London! Days 1 and 2
Finally I have a moment to post these London photos. Again, it's impossible to impart what happened there. The heart, the love, the cozy fun behind it is missing. But you get an idea.
We got off the plane (our very, very empty plane) on Valentine's Day and after checking in to our awesome B&B, we headed down to the South Bank to the restaurant Canteen, which might be becoming a first night tradition for us.
The city was aglow
Love was everywhere, even in the Thames
After dinner we happened upon this interactive art exhibit at the Royal Festival Hall about Bibliomancy. Think of a question or intention and pick from a wide range of books to find your answer.
David writing down what he'd come up with on the scrolls.
Click to read closer.
We then strolled along the South Bank.
The London Eye was lit in red and there was a very long queue to ride. Lots of lovers getting engaged that night, I'd guess.
The Thames was thick and dark and something more than water-like.
Husband spent but happy.
Lovers at Earl's Court
We meandered for a while after our big breakfast and tried the TKTS booth at Leicester Square to no avail (London doesn't do theatre on Sundays, which I still find baffling). We had some fun gawking at Harrod's and then went to the wonderful Victoria and Albert Museum. Joy! A whole museum about decorative arts! It was a great surprise, as I hadn't done much research on this place. It was filled with wonders and I hope we get to return there as we didn't see everything.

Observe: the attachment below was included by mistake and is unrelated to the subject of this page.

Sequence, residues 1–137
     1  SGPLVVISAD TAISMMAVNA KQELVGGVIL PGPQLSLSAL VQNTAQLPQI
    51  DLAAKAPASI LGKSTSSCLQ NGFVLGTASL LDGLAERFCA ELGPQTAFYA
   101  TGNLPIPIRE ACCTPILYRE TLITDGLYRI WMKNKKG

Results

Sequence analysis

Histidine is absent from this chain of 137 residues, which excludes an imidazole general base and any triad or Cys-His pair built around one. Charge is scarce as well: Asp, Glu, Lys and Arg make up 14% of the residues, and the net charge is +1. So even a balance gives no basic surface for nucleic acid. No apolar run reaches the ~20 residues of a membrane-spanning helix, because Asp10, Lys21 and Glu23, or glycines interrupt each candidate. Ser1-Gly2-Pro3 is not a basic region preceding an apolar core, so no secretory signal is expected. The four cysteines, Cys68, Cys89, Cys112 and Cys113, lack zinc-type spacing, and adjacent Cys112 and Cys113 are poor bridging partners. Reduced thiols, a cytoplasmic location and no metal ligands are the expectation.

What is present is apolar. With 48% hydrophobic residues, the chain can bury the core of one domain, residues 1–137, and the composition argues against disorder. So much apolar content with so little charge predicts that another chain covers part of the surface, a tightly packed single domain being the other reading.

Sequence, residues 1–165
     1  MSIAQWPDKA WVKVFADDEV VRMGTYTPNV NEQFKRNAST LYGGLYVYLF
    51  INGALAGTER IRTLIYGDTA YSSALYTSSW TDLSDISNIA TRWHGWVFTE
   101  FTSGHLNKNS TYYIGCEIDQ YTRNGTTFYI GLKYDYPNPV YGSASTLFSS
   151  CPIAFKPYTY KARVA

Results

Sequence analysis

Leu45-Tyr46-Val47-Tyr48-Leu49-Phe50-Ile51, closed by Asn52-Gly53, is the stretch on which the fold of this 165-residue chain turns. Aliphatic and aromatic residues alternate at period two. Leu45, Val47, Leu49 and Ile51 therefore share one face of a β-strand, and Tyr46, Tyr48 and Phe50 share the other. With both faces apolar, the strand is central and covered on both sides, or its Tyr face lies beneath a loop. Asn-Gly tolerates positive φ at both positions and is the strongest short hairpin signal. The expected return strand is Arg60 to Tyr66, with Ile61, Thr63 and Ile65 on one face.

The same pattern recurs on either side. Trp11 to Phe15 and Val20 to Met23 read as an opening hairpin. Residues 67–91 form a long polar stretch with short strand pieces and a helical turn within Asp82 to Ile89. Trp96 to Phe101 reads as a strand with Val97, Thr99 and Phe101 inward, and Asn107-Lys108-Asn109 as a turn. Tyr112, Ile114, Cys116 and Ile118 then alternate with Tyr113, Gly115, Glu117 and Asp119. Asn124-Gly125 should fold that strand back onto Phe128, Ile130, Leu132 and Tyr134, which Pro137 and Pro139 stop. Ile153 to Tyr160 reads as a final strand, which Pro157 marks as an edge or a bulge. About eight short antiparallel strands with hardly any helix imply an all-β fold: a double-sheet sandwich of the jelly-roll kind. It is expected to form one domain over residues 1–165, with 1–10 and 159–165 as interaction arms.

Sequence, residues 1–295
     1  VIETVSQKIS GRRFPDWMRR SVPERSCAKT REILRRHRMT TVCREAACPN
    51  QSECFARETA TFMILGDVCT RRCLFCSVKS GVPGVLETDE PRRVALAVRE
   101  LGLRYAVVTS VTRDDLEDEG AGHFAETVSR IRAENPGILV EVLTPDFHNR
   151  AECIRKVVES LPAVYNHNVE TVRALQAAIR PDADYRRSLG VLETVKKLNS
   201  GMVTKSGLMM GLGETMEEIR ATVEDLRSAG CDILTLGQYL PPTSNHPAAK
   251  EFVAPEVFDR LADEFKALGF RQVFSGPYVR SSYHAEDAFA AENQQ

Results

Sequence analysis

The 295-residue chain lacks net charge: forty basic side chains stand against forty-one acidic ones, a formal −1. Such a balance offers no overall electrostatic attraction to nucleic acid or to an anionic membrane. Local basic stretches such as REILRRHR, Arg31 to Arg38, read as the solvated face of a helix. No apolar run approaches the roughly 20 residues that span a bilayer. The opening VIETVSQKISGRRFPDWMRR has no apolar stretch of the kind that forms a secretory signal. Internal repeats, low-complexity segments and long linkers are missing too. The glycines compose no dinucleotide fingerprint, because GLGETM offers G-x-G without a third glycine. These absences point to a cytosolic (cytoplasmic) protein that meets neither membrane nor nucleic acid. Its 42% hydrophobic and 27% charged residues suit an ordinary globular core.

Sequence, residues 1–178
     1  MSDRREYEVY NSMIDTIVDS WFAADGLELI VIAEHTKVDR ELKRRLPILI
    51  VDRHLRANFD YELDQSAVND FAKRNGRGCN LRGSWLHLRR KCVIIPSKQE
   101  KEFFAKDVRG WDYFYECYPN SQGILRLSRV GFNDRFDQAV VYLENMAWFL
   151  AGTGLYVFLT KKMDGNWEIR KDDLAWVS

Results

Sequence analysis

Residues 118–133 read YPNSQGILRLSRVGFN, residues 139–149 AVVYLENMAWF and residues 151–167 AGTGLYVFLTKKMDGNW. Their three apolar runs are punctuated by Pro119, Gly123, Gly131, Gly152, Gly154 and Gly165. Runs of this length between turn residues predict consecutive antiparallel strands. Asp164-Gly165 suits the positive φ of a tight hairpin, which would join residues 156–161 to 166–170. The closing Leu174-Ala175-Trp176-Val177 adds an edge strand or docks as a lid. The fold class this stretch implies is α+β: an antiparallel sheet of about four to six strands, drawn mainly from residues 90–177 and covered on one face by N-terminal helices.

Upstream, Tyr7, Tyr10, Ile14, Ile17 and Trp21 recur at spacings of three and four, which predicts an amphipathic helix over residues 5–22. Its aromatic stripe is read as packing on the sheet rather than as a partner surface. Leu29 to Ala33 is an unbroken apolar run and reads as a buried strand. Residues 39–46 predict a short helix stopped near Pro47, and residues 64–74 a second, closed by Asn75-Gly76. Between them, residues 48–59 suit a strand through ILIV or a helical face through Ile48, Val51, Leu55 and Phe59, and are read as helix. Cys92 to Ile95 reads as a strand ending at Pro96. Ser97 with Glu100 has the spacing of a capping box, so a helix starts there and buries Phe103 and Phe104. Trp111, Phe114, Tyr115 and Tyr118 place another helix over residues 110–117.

The chandeliers in the cafe!
This was a lunch room. I was drawn to this room and had to eat here. As we were sitting trying to compose ourselves and out-wit our jetlag, we slowly realized that we were surrounded by Burne-Jones paintings and stained glass! That's when we learned that we were in fact in a room designed by William Morris. So very beautiful.
We then were wandering around and ran into Rossetti's "The Day Dream," one of my all-time favorite paintings. What a lovely surprise. It is so beautiful especially in the context of its frame and the poem Rossetti wrote himself etched in it. Learning about the model, Jane Morris, and her relationship with Rossetti has added so much to understanding his paintings of her.
And then here was this just awe-inspiring Burne-Jones designed piano, right next to the Rossetti. What a room! All the art in it was from one person's estate. Can you imagine?
There is also an excellent clothing history exhibit there which we inhaled quickly before the place closed. We were quite knackered at that point but had a lot of time to kill before we could go to sleep, so we went to see Doubt at the local movie theatre, which was great.